A Lenten fast and time of prayer was at the centre of St Patrick’s life – and we can walk in his footsteps today, and learn from his example. Faith Today reports.
If Lent has a physical presence in our corner of Europe, a mountain in County Mayo in western Ireland would surely be that place. Croagh Patrick, which overlooks the Atlantic, is the mountain scaled by St Patrick in 441 AD, and legend has it that Ireland’s patron saint spent the 40 days of Lent there, deep in meditation, fasting and praying.
He survived, so the story goes, on faith alone: and it’s a faith that’s indelibly written in the paths up the mountain to this day, paths worn smooth by the centuries of people who have followed in his footsteps. Each year as many as one million pilgrims and visitors make the trek to pray at the stations of the cross at the top of the mountain; some of them even climb as St Patrick is believed to have done – barefoot.
But Patrick wasn’t responsible for making this place a sacred site: that happened even earlier in history. Before the first Christians arrived here, the Celts regarded the mountain as the dwelling place of the deity Crom Dubh. It was also the focus of the harvest festival of Lughnasa, and was also an important place for women hoping to become mothers – they would sleep on the summit during Lughnasa, which took place in August, to encourage their fertility.
Croagh Patrick is the epicentre of Ireland’s homage to its most renowned religious figure, but long before he was a saint praying on an inhospitable mountain, he was a slave boy. His tale begins properly on another hilltop, the Slemish Mountain in County Antrim. Today the area is cloaked in a soft veil of russet and green, picturesque to the hilt; but it was a very different place to Patrick when he began his odyssey here at the age of 16. Whisked away from his family and home – experts differ as to whether he was originally from Scotland or Wales – he was taken to Ireland and bonded into slavery as a shepherd for a man named Milchu.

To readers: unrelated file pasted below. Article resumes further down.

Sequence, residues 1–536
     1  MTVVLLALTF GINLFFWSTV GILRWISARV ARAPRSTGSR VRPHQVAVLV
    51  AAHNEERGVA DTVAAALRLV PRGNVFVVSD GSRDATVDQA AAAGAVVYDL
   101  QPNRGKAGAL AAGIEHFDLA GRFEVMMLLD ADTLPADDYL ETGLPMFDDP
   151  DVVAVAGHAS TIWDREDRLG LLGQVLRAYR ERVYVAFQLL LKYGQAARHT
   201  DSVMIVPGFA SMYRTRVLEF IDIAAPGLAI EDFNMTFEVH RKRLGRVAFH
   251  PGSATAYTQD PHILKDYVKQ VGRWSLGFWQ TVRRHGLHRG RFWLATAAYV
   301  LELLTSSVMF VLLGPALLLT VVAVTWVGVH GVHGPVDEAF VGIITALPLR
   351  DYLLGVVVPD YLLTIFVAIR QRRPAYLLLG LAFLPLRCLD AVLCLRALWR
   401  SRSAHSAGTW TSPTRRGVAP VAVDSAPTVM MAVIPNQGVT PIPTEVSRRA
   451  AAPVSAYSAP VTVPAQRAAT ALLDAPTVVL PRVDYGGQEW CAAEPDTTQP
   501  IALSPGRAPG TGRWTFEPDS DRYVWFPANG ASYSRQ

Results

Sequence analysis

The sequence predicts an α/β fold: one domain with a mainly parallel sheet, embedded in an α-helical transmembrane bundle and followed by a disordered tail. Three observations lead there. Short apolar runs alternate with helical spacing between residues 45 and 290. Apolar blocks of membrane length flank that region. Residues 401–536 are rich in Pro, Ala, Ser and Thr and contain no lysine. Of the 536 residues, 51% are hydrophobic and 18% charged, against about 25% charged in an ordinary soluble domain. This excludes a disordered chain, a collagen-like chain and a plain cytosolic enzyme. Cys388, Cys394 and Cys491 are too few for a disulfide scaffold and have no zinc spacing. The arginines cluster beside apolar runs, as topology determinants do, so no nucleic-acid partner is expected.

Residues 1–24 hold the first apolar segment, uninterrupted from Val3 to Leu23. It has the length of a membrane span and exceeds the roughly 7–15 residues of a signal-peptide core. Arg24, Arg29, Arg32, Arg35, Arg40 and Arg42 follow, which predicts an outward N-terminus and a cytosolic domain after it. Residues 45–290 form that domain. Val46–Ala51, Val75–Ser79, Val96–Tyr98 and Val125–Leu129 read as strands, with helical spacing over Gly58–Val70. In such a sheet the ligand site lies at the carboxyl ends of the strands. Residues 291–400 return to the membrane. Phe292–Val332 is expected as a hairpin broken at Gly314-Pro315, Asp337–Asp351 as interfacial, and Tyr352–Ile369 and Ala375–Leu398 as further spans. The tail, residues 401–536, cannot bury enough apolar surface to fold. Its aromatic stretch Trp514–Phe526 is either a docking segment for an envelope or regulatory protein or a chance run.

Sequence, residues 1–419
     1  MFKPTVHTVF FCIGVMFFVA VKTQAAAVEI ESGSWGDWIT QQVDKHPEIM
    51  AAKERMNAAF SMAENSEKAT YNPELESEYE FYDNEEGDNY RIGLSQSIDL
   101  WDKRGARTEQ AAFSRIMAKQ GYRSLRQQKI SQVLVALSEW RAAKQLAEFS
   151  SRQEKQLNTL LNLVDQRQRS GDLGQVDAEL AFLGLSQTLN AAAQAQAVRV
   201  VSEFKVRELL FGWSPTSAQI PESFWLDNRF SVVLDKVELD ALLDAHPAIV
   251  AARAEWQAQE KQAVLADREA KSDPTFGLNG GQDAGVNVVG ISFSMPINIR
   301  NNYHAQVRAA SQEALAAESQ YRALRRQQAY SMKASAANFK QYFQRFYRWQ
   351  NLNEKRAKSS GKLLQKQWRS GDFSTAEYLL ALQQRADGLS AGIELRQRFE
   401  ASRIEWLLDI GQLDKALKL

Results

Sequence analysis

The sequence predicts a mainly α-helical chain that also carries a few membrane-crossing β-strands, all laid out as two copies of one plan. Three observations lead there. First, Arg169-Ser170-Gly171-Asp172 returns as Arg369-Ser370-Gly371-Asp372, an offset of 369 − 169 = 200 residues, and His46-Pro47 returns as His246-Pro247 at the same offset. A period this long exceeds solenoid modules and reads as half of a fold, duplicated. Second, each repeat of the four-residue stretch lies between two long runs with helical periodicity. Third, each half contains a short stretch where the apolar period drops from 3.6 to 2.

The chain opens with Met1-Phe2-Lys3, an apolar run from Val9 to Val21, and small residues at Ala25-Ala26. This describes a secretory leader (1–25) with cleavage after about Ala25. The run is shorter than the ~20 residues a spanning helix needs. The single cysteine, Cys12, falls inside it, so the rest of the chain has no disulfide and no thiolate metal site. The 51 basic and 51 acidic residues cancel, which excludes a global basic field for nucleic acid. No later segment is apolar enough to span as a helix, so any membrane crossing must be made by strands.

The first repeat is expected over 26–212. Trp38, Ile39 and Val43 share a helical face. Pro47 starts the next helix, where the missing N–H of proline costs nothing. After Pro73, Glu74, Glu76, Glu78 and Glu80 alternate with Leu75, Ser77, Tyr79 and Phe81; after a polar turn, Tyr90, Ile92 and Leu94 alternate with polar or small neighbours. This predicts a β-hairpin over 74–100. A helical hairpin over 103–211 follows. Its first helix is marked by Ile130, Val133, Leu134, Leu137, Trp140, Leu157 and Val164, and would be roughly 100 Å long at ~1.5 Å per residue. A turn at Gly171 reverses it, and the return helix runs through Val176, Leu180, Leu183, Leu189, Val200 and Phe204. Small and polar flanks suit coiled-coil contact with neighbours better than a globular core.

Alone and afraid on that mountainside, Patrick often turned to prayer. He also dreamed of an angel called Victoricus who urged him to escape back to Britain. And six years after he arrived, he did just that: he left his master, walked to the sea, and got a boat to England where he was able to rejoin his family and become first a priest and then a bishop.
What happened next is completely surprising, because you’d think the last thing he’d ever have done would have been to return to Ireland. Yet in the year 432 that’s exactly what he did, going back to the place where he had been enslaved and had known such great hardship. He had heard the voice of Victoricus again, and this time it had urged him to go to Ireland to preach the gospel: and that is what he did. As a result, the country was converted to Christianity: and what was remarkable about Patrick, and remains modern to this day, is that he respected the native Celtic traditions of the country. So it was precisely because Croagh Patrick was already a sacred place that Patrick climbed it; and in doing so, he Christianised it.